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As I casually walked to the party store I saw this guy I met just the week before

Why not "had met" is it because it is spoken american or is it because the meeting happened only one time. The use of simple past could it be justified because the walking and the seeing happen today so" met" is not past of the past but only past.

May be it is obvious that the meeting happened before the seeing so there is no need of past perfect.

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    Both "met" and "had met" sound perfectly natural to my ear. I'm not formally answering as I don't really have a good explanation as to why both work just fine, as my intuitive feeling is that both ways also carry the same meaning. I'm not sure why. Maybe there is a subtle difference that I'm not paying attention to as a native speaker? "Had met" does feel like a slightly higher register, but that's mostly due to the general rule of "more words = more formal". Commented Jun 6, 2022 at 7:32
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    Like @RichardWinters I can't give a formal answer to this one, but to my (UK English) eyes it looks incorrect without "had". I've heard this variant on US television programmes, so it's possible that it's a variant that's acceptable in US English, but someone better versed in US English than me would need to confirm.
    – Fiona
    Commented Jun 6, 2022 at 7:54
  • To my Canadian ears, this is wrong, and "had met" is correct.
    – gotube
    Commented Nov 15, 2022 at 23:03
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    Please provide proper attribution for the text that you quote. That means title, author, and publication, or as many of those as are available. If the source is long, such as a book, please include a page number or other location also. If the source is online, please include a link also. See Marking and Attributing Examples, Sources, and Other Quotes Commented Nov 16, 2022 at 0:57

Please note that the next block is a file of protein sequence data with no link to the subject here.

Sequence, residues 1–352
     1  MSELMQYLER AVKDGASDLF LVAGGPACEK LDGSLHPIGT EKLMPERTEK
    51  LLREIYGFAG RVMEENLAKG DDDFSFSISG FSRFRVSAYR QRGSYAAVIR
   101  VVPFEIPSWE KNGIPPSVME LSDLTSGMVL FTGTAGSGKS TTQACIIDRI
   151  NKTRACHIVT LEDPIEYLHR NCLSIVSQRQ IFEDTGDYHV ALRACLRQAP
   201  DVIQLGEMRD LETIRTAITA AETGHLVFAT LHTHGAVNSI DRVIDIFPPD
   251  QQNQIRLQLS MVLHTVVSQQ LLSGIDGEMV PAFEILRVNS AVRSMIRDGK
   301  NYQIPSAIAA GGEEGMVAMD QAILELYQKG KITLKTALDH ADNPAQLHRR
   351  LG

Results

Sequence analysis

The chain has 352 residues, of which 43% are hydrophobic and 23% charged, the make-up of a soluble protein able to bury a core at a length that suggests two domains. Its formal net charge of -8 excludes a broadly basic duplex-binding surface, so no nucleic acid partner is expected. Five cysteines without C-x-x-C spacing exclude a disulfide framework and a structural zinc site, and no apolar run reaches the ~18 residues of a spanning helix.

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Sample sentence: As I casually walked to the party store I saw this guy I met just the week before.

I saw a guy I met. is perfectly grammatical here as is had met.

Compare: As I casually walked to the party store, I saw this guy I had met just the week before.

Both are correct in all standard English varieties. The one with the past perfect emphasizes the fact that meeting the guy occurs BEFORE seeing the guy in the street.

The past perfect is used with the simple past, if a person wants to emphasize that a past perfect action or situation precedes another. Example: When I arrived, he had already left.

There, I want to emphasize that he was no longer there when I arrived. His leaving preceded my arrival. And this is true in all varieties of standard English.

Most of the time, it depends on what a speaker wants to say.

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Both have the same meanings in my opinion. The meaning differs only very slightly, as 'had met him' emphasizes that it was in the past, while 'met him' emphasizes the fact of their meeting.

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The simple past met is fine here as the sequence of events is clear. Whether the earlier event (the meeting) happened a week or a day before the later one (the walking/seeing) is immaterial.

Please see this comprehensive guide from FumbleFingers and the guiding principle.

The guiding principle should be don't use Past Perfect unless you really have to.

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    As Fiona says, had met would be usual here in British English. Commented Jun 6, 2022 at 12:47

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